If the once respected legacy of Paige Patterson can be tarnished so quickly and thoroughly, Christians may indeed be heading for an age without heroes. The Apostle Paul thought the Christians of his day were capable of emulating the things he did that mimicked Christ, not every single behavior. Then again, Paul was not a Southern Baptist.

This piece was originally posted here: https://enemieswithinthechurch.com/2019/08/06/southeastern-baptist-removes-patterson-portraits/

8/2/19

On the Deconstruction of Joshua Harris

The Rejection

As many in the Christian community are well aware, Joshua Harris, author of “I Kissed Dating Goodbye,” has left the faith, stating recently, “By all the measurements that I have for defining a Christian, I am not a Christian.” This development has caused many to seriously question how someone so seemingly grounded, could walk away from everything they once believed? After all, not all of us have seven Christian book titles with our names on them.

Of course, both Christ and the Apostles predicted this scenario. Judas himself was able keep the other eleven apostles from suspecting his own apostasy. But, there were clues along the way. For Judas, it was his greed. For Josh Harris, it's something else.

Michael Farris, who knew Harris personally, recently wrote in an open letter to him, ". . . you thought your faith and your marriage were based on formulas. They never went deeper than that," adding, "You haven’t walked away from a relationship with Jesus. You have walked away from the culture you were raised in."

To someone who has read many of Josh's books, this sounds like a fair assessment. Whether it's "I Kissed Dating Goodbye," or "Why Church Matters," Josh has always written very pragmatically. This does not necessarily have to be bad thing, unless of course, it's the only thing.

The Signs

In 2017, Josh publicly showed signs of rethinking his religious views in a Ted X talk entitled, "Strong Enough to Be Wrong," in which he stated that "being wrong" about courtship "affected his own sense of identity." People don't usually say such things about formulas, unless those formulas are necessarily tied to core beliefs.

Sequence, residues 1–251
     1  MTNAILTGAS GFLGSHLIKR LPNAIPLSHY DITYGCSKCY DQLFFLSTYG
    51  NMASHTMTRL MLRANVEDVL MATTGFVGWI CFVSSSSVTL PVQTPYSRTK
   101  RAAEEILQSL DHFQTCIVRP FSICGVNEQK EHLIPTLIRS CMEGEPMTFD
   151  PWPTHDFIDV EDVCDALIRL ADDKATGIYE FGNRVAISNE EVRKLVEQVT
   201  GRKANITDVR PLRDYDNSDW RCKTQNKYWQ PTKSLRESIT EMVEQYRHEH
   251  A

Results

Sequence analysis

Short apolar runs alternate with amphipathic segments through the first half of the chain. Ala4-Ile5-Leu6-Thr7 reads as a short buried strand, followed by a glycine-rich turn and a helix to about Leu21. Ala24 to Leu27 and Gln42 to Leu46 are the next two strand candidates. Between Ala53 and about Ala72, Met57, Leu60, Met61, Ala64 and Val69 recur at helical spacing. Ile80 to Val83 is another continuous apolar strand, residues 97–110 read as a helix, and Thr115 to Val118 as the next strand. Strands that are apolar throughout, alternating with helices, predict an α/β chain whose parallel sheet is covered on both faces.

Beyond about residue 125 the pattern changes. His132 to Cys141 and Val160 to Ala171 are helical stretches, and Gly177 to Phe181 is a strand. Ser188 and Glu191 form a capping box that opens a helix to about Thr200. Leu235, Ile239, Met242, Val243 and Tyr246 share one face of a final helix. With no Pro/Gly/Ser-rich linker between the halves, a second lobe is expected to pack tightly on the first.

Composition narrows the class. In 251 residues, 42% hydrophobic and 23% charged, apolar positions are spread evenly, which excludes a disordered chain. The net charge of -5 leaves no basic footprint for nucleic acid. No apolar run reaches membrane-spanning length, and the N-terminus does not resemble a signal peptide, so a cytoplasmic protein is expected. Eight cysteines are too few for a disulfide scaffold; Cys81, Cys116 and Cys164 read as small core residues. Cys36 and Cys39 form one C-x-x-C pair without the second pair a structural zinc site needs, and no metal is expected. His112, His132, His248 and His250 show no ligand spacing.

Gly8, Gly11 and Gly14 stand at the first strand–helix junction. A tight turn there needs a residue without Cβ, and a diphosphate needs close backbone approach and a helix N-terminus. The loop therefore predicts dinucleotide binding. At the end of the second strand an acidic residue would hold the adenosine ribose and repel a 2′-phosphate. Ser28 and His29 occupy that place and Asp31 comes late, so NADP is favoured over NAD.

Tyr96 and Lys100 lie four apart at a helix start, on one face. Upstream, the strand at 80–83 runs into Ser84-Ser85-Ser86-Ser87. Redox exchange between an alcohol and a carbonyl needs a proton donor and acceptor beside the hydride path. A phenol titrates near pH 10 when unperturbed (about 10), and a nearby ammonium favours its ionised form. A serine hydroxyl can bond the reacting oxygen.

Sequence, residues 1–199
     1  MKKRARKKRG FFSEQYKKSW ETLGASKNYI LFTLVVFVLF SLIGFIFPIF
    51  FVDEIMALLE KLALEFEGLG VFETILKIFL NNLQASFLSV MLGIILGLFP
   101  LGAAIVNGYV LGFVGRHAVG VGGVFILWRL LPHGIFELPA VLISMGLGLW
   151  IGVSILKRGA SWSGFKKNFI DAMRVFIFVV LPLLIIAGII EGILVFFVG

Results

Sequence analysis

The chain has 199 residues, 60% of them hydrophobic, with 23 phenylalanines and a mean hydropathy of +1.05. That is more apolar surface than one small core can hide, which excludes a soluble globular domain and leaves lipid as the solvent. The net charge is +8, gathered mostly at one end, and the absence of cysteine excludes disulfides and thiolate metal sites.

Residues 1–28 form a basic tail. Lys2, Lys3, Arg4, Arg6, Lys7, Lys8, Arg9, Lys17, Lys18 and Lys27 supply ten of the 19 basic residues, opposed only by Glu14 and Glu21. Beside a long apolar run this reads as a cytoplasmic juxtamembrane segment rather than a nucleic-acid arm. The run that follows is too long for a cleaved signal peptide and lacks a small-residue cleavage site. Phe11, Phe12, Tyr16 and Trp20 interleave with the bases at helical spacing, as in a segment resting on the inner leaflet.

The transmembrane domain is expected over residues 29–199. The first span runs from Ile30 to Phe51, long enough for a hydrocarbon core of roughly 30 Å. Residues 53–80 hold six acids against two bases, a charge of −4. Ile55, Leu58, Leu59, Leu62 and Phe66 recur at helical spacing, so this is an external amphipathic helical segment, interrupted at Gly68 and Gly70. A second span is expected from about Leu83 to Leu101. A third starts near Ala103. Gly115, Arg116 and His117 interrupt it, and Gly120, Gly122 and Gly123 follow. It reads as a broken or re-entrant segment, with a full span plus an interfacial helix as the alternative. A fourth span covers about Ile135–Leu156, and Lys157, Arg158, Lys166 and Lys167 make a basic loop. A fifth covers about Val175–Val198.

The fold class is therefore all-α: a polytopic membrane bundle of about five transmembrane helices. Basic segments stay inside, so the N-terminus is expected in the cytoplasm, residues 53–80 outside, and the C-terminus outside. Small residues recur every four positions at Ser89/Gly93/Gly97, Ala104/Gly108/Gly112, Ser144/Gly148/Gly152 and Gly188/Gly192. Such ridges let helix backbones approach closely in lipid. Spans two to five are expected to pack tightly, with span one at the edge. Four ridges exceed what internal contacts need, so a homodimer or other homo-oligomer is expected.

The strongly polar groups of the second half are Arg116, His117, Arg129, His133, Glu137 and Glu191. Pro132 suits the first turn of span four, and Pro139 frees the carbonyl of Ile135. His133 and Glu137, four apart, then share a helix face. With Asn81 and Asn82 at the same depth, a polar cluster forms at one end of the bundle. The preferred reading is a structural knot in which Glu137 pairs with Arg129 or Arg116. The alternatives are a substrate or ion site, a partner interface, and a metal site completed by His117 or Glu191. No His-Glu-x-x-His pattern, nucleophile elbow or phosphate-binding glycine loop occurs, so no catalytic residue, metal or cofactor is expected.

Harris's attempt at humility though, was actually a self-focused revelation of his own pride. An inflated view of his own influence caused him to take responsibility for even failed relationships resulting from a misapplication of his book.

For example, Harris writes in I Kissed Dating Goodbye, "Without purity, God's gift of sexuality becomes a dangerous game." In Boy Meets Girl, he gives an example of two previously married individuals pursuing purity together. However, in the 2018 documentary, I Survived I Kissed Dating Goodbye, Harris mistakenly takes responsibility for those who wrongfully equated purity with virginity. Even the falling marriage rate in the church is somehow blamed on Harris's "purity culture."

The Reasons


Like a mathematician with the wrong result, Harris dissects his alleged formula: 

Marriage = Sex = Fulfillment

The take away? Purity culture propagated the lie that marriage would offer fulfillment and it didn't. Marriage was an "idol." 

It is at this point that we should all recognize a similar talking point coming from the social justice flavor of American Christianity. Russell Moore says, "dark powers would have us idolize our selves or by extension our families." Matt Trexler and Sammy Rhodes, two "same-sex attracted" Christians, talk about the church's "tendency to idolize marriage." Carolyn McCulley, Jennifer Marshall, and Betsy Childs Howard, believe there has been an "idolization of marriage." Elizabeth Woodson wants to, "dethrone our idol of marriage." Tim Keller asserts that "traditional religion has often made an idol out of the family."

Josh Harris's denouncement of his own book, and by extension, purity culture, did not happen in a vacuum. At the very moment culture is deconstructing creation norms, leaders in the church are also minimizing or tossing them aside. Josh Harris just took it one step further.

Josh describes his own kissing Christianity goodbye as "deconstruction," going on to state, ". . . to the LGBTQ+ community, I want to say that I am sorry for the views that I taught in my books and as a pastor regarding sexuality. I regret standing against marriage equality, for not affirming you and your place in the church, and for any ways that my writing and speaking contributed to a culture of exclusion and bigotry."

In the documentary, Harris focuses on "asking questions" and having "conversations" along his "personal journey." He concludes toward the end, "life is full of contradictions."

The postmodern assumptions, Josh likely picked up at the liberal Regent College, are alive and well in popular evangelicalism. They fuel the social justice movement: the last stop before complete apostasy. 

In the words of J. Gresham Machan, "The chief modern rival of Christianity is 'liberalism.' An examination of the teachings of liberalism in comparison with those of Christianity will show that at every point the two movements are in direct opposition."

Unlike Christian leaders pushing social justice, at least Josh Harris is honest enough to admit it.
Related Posts Plugin for WordPress, Blogger...